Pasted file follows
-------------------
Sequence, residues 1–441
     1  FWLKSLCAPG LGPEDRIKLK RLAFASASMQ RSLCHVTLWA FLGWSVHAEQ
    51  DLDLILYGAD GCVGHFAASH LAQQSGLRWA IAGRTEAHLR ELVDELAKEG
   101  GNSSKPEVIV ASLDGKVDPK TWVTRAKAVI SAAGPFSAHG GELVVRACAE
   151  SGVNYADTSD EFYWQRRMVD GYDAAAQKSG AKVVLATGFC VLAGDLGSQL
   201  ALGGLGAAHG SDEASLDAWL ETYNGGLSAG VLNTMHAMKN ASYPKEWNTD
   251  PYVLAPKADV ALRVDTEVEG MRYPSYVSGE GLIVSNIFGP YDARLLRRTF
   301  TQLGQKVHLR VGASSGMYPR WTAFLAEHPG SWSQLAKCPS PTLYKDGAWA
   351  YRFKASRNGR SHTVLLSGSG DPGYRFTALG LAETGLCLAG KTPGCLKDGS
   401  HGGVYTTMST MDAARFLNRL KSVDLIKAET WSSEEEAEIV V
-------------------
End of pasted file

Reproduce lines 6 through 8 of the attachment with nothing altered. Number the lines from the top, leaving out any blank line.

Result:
   201  ALGGLGAAHG SDEASLDAWL ETYNGGLSAG VLNTMHAMKN ASYPKEWNTD
   251  PYVLAPKADV ALRVDTEVEG MRYPSYVSGE GLIVSNIFGP YDARLLRRTF
   301  TQLGQKVHLR VGASSGMYPR WTAFLAEHPG SWSQLAKCPS PTLYKDGAWA